Chaim Lensky's Ordeal
THE story of how the manuscript of Boris Pasternak’s Doctor Zhivago was smuggled out of the Soviet Union is drab compared to the odyssey of a recently published collection of strange, curious, and perhaps very important verse by Chaim Lensky*- a Soviet Hebrew poet who vanished in a Siberian labor camp in 1942. It took eighteen years for Across the River Lethe to reach its destination in Israel, where it was finally issued in 1960. Two earlier collections of Lensky’s work-both assembled from manuscripts that had reached periodicals in Israel circuitously and piecemeal over a period of fifteen years-had already been published, but Across the River Lethe was prepared in completed manuscript by Lensky himself.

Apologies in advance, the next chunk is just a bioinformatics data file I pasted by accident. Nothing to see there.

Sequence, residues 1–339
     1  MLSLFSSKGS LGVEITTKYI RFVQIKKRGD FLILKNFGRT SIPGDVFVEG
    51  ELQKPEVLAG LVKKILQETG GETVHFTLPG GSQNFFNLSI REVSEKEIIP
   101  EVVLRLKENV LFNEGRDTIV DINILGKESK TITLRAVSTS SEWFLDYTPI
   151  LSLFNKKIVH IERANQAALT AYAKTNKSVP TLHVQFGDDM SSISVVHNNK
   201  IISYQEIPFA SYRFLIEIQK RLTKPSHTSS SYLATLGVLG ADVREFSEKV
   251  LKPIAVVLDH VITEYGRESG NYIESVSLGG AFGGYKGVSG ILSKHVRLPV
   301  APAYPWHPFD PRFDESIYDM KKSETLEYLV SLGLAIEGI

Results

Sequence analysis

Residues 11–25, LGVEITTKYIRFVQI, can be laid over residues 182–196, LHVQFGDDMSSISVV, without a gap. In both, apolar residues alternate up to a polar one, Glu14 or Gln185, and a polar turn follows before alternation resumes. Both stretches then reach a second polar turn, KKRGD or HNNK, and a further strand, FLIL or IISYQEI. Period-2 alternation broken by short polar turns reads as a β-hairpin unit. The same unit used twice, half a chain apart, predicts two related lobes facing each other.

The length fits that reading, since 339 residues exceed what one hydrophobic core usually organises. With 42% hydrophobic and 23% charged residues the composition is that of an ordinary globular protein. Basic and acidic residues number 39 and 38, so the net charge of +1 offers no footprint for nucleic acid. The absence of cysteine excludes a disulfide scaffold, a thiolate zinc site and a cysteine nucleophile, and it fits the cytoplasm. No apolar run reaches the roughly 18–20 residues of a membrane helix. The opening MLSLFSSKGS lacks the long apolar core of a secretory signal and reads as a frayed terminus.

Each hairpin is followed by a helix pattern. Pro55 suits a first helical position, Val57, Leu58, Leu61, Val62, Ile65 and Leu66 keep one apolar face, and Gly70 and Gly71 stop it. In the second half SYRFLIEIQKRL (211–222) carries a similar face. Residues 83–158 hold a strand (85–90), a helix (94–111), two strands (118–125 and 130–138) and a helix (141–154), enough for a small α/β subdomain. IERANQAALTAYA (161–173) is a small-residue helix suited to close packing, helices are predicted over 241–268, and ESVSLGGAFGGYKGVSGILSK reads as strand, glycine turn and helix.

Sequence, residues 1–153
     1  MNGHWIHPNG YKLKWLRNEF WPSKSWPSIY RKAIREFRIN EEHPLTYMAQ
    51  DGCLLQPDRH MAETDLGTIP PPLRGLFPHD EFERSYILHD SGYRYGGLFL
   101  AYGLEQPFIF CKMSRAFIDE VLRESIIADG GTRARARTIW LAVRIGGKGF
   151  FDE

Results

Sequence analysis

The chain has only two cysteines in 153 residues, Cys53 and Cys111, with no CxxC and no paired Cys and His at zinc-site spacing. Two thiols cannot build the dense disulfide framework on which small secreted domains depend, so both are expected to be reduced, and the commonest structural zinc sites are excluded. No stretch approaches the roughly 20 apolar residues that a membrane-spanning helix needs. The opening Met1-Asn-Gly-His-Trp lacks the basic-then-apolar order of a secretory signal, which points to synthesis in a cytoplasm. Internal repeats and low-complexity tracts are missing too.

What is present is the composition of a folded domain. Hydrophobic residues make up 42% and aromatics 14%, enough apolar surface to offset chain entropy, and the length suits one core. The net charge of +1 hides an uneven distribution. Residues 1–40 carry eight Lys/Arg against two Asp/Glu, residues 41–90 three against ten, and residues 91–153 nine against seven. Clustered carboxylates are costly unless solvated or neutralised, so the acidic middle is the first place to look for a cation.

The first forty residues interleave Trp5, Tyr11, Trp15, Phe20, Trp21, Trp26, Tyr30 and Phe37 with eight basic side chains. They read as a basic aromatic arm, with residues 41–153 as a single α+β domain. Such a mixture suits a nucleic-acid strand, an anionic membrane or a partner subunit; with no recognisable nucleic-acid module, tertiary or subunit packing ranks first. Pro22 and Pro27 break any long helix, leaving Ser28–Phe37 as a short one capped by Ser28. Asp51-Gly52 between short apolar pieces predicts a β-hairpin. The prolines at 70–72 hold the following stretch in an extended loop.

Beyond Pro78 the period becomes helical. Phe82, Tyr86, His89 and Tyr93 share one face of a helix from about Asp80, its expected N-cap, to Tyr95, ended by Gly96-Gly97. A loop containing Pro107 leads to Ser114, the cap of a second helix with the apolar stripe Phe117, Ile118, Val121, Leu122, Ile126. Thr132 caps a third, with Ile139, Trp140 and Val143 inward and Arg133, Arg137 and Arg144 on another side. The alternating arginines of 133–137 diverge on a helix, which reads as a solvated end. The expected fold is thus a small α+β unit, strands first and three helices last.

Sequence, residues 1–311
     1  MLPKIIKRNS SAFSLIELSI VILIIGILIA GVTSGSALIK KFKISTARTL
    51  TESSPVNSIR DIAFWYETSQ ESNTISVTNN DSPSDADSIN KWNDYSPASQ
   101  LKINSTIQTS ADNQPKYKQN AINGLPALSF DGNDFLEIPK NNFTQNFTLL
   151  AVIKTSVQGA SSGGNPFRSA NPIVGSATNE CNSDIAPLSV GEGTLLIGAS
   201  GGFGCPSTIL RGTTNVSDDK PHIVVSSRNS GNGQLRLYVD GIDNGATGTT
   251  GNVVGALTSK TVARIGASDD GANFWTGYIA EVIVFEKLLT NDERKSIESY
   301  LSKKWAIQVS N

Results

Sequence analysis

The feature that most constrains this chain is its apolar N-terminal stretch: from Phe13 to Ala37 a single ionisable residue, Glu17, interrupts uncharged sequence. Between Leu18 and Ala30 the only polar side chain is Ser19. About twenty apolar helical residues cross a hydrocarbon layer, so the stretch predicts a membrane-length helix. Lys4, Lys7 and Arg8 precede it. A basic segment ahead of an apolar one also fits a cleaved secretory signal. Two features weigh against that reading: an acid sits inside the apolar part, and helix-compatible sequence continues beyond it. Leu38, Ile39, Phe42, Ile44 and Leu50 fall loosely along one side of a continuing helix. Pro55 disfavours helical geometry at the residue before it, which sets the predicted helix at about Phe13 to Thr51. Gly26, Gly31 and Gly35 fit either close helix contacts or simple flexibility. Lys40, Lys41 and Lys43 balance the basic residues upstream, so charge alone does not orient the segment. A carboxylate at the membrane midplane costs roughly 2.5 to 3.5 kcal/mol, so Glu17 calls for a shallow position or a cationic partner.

Lensky never sent his manuscripts directly to his editors or to his literary friends in Palestine-Israel. From Leningrad, where he was making his living as a steel-worker, he would enclose them-his poems and also communications to editors-in letters to his sister in Tel Aviv. She would then forward them on to the addressees. Later, the station of Siberia was added: from there Lensky dispatched his poems to his wife in Leningrad, and she, disliking all poetry and especially these Hebrew manuscripts which had landed her husband in trouble, nevertheless dutifully passed them on to his sister in Tel Aviv with the same precise instructions her husband had formerly given. The poet ran two risks: the lesser one that his manuscripts might be intercepted by the censor and never reach their destination, and the greater risk that once they did appear abroad, they would in time come to the attention of the Soviet secret police, with obvious consequences to himself and perhaps also to his family. He took every precaution to reduce the lesser risk and circumvent the censor. Yet his passion to establish his literary identity in public was so profound that he seems never to have thought of using a pseudonym.
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